Brands build their strength by providing customers consistently
superior product and service experiences. At the heart of a
great brand is a great product or service. A strong brand is a
promise or bond with customers. In return for their loyalty,
Trends in Brand Marketing:
Interview with Prof. Kevin Lane Keller,
author of Strategic Brand Management
a Nielsen bluepaper
Q. What are the changes in branding strategies
for companies these days?
Companies are trying to simplify their brand architectures as
much as possible, using as few brands as possible and making
the brands that they do use as strong as possible. Companies
are also trying to find new, fresh ways to create more
compelling brand positions, especially in terms of more
emotional appeals. Finally, companies are developing different
types of marketing programs and activities to build their brand
equity. Traditional approaches used, say 25 years ago, just
don’t work as well any more.
Q. What is the most important element in
the process of building brand?
The most important process in building a brand is to establish a
firm foundation with brand awareness and image by ensuring
that consumers: 1) know who the brand is – its name and what
it looks like, 2) what it does in terms of needs satisfied, benefits
supplied and products and services that it offers; and 3) what
makes the brand special and unique and worth buying. These
three pieces must be constantly assessed and refreshed, if need
be, over time.
Q. Is it possible to build a strong brand
Great brands are often born out of opportunity – they offer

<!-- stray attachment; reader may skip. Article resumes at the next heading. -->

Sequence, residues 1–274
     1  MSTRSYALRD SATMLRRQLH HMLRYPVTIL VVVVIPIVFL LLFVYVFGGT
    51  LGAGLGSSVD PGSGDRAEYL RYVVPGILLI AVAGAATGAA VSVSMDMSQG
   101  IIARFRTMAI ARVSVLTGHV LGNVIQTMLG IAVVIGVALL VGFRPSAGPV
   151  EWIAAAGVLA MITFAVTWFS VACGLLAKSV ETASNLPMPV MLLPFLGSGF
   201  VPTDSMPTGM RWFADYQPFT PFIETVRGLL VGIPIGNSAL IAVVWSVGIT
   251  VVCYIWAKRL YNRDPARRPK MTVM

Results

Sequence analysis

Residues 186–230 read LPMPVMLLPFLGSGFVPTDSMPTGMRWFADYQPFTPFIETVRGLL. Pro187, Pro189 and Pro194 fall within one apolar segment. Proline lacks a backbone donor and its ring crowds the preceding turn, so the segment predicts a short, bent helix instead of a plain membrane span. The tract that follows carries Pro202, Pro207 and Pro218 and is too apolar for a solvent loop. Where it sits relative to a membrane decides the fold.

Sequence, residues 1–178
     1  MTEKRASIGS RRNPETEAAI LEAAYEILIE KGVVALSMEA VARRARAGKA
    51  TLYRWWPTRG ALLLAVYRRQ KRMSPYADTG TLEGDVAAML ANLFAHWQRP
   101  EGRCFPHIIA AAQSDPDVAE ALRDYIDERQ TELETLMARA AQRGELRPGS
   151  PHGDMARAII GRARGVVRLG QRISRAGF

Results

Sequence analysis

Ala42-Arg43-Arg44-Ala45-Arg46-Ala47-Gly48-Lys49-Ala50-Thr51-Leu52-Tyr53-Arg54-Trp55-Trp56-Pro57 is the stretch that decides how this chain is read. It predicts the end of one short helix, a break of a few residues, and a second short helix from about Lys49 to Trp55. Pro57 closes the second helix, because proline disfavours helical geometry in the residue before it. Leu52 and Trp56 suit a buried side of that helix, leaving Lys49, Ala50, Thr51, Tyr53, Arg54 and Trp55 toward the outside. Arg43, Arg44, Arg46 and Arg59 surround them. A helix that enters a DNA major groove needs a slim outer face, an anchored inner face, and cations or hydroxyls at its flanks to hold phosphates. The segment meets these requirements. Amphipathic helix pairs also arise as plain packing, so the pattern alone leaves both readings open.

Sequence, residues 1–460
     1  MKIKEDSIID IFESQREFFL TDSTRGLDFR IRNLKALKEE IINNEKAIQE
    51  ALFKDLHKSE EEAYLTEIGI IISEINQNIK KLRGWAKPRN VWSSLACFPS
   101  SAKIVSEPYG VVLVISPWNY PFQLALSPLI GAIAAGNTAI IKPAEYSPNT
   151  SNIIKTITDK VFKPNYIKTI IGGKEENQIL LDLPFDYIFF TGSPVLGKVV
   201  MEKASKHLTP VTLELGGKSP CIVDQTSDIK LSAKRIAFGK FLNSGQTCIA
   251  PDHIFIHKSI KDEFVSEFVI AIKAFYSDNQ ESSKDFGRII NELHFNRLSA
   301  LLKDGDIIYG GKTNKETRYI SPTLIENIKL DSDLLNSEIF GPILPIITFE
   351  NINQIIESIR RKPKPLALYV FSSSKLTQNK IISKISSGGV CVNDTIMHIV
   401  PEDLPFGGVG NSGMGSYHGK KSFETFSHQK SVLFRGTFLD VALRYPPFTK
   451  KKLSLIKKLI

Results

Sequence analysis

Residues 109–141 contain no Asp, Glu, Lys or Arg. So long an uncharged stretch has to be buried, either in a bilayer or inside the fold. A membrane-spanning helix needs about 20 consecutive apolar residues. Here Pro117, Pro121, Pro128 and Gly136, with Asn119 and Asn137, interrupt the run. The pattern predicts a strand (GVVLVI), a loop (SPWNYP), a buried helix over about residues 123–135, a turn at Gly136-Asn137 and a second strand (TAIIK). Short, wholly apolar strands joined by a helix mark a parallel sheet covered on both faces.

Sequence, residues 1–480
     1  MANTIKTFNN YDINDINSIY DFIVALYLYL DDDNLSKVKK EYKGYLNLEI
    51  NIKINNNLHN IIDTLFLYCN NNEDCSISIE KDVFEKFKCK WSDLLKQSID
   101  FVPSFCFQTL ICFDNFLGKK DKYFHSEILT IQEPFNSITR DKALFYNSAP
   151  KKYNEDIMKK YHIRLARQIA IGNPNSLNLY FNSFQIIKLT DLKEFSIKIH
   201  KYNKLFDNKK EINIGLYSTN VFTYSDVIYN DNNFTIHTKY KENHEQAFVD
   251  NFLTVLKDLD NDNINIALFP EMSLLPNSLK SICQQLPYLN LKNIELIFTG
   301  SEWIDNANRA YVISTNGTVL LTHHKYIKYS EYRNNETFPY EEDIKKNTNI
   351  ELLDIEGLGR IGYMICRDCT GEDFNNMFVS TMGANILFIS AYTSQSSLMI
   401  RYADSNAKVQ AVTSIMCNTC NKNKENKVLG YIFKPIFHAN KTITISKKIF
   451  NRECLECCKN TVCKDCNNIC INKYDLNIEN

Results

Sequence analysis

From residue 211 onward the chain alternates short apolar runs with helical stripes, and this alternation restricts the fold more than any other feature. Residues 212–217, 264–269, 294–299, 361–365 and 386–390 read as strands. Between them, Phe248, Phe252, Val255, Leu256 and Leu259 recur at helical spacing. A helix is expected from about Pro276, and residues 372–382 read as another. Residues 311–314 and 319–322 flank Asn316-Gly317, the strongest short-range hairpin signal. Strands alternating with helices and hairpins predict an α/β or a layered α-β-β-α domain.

superior delivery of desired benefits. Marketing works best and
is most successful when companies find an unmet consumer
need, develop products and services that completely satisfy
that need, and then ensure that consumers have a chance to try
and experience those products and services.
Brand management is most successful
when everyone in the organization –
not just the marketing department –
has a clear understanding of what the
brand represents and how their
actions help and hurt the brand.
Q. What are some of the vital elements in
Brand management is most successful when everyone in
the organization – not just the marketing department – has
a clear understanding of what the brand represents and
how their actions help and hurt the brand so that they act
accordingly. Additionally, companies must also align
bottom-up and top-down marketing management.
Bottom-up brand management requires that marketing
managers primarily direct their marketing activities to
maximize brand equity for individual products in particular
markets. Top-down brand management, on the other
hand, involves marketing activities that capture the big
picture and recognize the possible synergies across
products and markets to brand products accordingly. These
brand management activities are complementary and